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Monday, September 30, 2013


At my last summer concert series on the lawn at the Hamilton Library gazebo in August, my friend loyal concert attendee Nancy Briggs told me I was to receive the Proclamation as shown in the graphic. We had a crowd of nearly 60 people at the event. Unfortunately, Mayor Kelly Yaede was on vacation and she asked my friend Councilman Ed Gore to do the honors. I am proud to say I now have 3 proclamations! One from the Hamilton Council a few years back, and one from my friend, former Mayor of Hamilton, Glenn Gilmore. It's nice to be recognized. I intend to be a volunteer until I am no longer physically able to continue. In fact, we have a full house for my Kuser Farm Mansion program set for this Wednesday evening, October 2nd. Unfortunately, we had to turn a number of reservations down due to the fire code and the number of people in the room.

Friday, September 27, 2013


Wow! I will reach the golden age of 80 on this coming Sunday, September 29. How fast those years flew by-----how fast they are still flying! As we age, memories of our younger years become a very important part of our lives and the aging process. Some of my happiest years were spent as a student of Kuser Grammar School, and of course, the best high school in the nation, Hamilton High! Even though they were a couple years behind me as an HHS '51 alumnus, I still remember a lot of the "kids" in the class of 1953. I wish all of you a very warm and wonderful reunion. May you have many more!

Wednesday, September 25, 2013


One of the subjects very near to the top of my interest in local history lies in the old one room school houses that once dotted our very rural past, and the early 20th century schools that replaced them. Above is a photo of Maple Shade School prior to the construction of the familiar red brick building that was once located on White Horse Avenue. The original was black and white and I took the liberty of hand coloring it to give it a bit of realism. Below is an early 20th century class photo with many well known local White Horse residents.

Tuesday, September 24, 2013


I will be presenting two "on screen" Power Point type programs at the October and November meetings of the Hamilton Township Historical Society. The Society meets the first Monday of every month (except July and August) at 7 P.M. in the lower level Room #2 of the Hamilton Township Public Library. The October meeting will be a thumbnail history of the John Abbott II house, and the story of the founding of the Society which is celebrating its 70t anniversary. The November meeting will be another on screen presentation featuring Bromley, the New Jersey State Fair, and the Henry N. Smith "Fashion Stud Farm" which was once located in the Bromley area adjacent to the Fairgrounds. Both presentations are free and the public is cordially welcome.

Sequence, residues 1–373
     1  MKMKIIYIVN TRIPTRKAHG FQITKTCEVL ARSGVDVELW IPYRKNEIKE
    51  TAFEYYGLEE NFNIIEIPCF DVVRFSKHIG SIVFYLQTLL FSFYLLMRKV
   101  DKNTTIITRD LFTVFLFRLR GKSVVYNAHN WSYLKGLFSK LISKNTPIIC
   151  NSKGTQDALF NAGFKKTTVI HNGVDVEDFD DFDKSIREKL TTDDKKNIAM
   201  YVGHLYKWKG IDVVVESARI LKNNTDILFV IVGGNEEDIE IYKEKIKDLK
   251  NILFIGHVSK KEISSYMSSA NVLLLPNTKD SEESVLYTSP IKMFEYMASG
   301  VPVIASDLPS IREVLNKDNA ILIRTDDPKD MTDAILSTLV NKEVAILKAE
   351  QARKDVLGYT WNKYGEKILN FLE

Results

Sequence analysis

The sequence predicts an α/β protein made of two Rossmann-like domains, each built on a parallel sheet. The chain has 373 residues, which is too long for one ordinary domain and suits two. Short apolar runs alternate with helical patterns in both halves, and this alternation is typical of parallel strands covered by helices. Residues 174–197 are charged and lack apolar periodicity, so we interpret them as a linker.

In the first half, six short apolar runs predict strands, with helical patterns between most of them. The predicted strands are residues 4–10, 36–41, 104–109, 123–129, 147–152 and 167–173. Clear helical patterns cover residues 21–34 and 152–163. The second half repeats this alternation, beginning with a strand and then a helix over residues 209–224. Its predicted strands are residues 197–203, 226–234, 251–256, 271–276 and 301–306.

I am building up a nice collection of Junior Four grammar school articles, photos and quite a few "ARGUS" yearbooks. It seems that this school holds many fond memories to many visitors who were fortunate enough to attend that school during the golden years of education in Trenton and the surrounding area. Of particular interest is the weekly "Assembly" which we all had back in the 1930's and 40's. It was usually a Friday affair and we were exposed to fascinating cultural and educational on stage programs.

Saturday, September 21, 2013


What a great news photo! Greenwood was indeed a beautiful cemetery. In fact it sill is today but the landscape had s somewhat different appearance from theGreenwood Cemetery of today.